In some cases you will run a WSO2 product on a machine somewhere in the cloud or on a server somewhere in the organization. Our use case is porting our training environment to a Amazon AWS environment running on a minimal install of CENTOS.
When you start with WSO2 (but also as an experienced developer) access to the logs in an easy way will help you in learning WSO2 since the console is like a thermometer, it will tell you what is going on.
We want to have a simple solution to access the logs real-time. Of course we can use PuTTY/SSH to log in to our server and use the command.
tail -f /opt/wso2esb-5.0.0/repository/logs/wso2carbon.log
This will actually do the trick, but there should be a better solution. One of my colleagues suggested rtail.
What is rtail?
Rtail is an open source command line utility that grabs every line in stdin and broadcasts it over UDP. Let’s look at the two perhaps unknown words: stdin and UDP.
Stdin is the standard input channel of your computer, User Datagram Protocol (UDP) is part of the Internet Protocol suite used by programs running on different computers on a network.
Short and sweet, rtail grabs input and transmits it for you to take a look at.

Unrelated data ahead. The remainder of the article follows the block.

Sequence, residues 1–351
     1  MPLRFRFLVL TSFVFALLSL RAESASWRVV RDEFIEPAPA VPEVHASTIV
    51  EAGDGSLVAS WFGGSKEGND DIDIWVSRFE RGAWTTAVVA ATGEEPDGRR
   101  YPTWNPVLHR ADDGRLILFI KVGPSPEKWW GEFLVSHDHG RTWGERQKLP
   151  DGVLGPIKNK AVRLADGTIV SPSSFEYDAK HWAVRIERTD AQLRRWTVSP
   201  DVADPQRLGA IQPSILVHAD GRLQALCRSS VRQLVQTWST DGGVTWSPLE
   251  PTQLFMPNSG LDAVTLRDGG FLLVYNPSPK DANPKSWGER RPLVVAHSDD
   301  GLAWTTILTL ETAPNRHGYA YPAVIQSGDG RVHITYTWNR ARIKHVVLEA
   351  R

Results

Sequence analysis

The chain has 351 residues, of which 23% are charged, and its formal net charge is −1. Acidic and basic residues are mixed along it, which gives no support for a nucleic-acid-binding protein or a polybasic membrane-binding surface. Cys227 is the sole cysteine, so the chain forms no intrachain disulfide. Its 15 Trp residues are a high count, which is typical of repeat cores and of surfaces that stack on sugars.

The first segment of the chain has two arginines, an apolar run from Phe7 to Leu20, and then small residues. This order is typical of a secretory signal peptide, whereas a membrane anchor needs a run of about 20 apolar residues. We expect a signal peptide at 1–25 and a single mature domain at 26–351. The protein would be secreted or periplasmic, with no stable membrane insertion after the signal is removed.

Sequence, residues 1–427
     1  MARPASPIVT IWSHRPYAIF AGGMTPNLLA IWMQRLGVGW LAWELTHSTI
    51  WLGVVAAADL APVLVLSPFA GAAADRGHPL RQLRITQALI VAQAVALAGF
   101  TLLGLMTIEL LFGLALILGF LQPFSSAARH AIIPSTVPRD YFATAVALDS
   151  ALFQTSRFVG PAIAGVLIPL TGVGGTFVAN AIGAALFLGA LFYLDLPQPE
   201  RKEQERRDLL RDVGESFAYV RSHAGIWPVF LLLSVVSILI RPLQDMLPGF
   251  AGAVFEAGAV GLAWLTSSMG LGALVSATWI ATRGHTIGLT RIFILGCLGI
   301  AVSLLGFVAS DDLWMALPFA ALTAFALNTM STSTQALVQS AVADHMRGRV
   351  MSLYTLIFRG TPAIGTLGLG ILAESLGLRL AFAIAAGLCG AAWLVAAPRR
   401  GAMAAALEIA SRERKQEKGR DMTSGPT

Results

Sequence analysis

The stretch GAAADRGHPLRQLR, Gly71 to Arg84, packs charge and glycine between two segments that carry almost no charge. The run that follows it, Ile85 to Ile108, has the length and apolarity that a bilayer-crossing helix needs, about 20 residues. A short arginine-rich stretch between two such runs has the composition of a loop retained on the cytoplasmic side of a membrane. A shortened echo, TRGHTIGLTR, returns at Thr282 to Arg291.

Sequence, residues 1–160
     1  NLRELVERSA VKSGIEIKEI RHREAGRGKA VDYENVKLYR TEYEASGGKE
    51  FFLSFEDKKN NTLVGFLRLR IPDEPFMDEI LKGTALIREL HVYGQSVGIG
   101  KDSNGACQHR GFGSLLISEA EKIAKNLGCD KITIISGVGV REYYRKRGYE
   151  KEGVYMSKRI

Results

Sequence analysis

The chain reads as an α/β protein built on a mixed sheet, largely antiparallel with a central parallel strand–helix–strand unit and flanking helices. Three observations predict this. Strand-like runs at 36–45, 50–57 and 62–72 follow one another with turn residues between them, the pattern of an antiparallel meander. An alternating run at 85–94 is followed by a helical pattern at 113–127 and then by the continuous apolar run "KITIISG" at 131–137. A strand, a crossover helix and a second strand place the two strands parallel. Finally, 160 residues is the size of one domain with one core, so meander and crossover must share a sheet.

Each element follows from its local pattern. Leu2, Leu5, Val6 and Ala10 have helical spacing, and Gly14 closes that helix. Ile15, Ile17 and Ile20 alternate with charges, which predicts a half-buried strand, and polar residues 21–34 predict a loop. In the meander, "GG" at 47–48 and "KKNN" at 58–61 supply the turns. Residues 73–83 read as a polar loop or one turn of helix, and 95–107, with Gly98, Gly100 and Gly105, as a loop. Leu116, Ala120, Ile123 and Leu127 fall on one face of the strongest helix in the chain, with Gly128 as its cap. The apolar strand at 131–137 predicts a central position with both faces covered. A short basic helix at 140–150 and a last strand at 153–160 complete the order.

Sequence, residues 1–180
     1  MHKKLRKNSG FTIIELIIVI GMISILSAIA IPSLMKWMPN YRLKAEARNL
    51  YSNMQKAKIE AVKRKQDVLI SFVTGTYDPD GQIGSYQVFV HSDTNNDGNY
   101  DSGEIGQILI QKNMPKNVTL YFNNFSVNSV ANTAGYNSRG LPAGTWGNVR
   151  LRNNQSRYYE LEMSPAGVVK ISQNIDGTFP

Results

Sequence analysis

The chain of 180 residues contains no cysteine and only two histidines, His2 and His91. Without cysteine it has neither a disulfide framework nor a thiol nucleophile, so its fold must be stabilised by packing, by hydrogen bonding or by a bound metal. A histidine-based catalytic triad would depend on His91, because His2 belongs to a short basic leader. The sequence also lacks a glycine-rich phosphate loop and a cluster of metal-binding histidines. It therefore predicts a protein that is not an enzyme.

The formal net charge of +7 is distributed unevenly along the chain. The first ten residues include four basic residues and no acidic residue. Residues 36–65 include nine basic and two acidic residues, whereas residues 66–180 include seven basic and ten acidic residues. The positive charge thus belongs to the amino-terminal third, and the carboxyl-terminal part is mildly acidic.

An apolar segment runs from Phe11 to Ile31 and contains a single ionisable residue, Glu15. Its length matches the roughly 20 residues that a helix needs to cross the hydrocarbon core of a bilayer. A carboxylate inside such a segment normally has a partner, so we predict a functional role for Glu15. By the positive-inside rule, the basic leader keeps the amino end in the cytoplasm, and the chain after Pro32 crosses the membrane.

But how do we install rtail? It is quite easy. Since rtail is based on node.js we need to install that environment first.
Make sure you have root privileges (for instance using sudo su - ) and enter this command:
curl --silent --location https://rpm.nodesource.com/setup_6.x | bash -
This installs the NodeSource Node.js 6.x repo on your machine. Mind you, it does not install node.js, just the repo.
Run as root
yum install -y nodejs
to install Node.js 6.x and npm.
To install rtail, use the node package manager (npm):
npm install -g rtail
This completes the installation of rtail and of course Node.js as a platform.
Getting rtail up and running
What we now need to do is to setup the rtail-server. The parameters are actually quite simple:
Rtail-server –web-host [your-IP] –-web-port 8888
The [your-IP] is the IP address of your machine and the web port is the port that we are using. The latter parameter is the default value so can be omitted.
With the rtail-server up and running we can TAILF (tail a file continuously) the wso2carbon.log to rtail with the ID wso2ESB. The rtail-server can listen to multiple stream so having an id is handy to identify the streams. The ‘&’ makes sure it runs as a background process
tailf /opt/wos2/wso2esb-5.0.0/repository/wso2carbon.log | rtail --id wso2ESB &
And there it is, the wso2carbon log neatly displayed in the browser, taking it from a server running for instance on Amazon. A simple yet elegant solution.
With thanks to our colleague Joey for his suggestion of rtail!
Thanks to Thijs Volders for his contribution to this blog.
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